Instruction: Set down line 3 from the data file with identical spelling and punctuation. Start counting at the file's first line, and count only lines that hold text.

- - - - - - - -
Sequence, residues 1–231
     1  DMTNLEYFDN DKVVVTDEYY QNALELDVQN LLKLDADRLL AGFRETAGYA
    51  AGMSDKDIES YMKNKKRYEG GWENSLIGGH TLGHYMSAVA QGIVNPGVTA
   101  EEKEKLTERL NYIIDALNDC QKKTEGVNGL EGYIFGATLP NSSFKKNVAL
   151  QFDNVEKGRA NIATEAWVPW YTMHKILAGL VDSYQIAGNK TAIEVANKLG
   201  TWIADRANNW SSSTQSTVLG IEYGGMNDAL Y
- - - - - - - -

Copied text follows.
    51  AGMSDKDIES YMKNKKRYEG GWENSLIGGH TLGHYMSAVA QGIVNPGVTA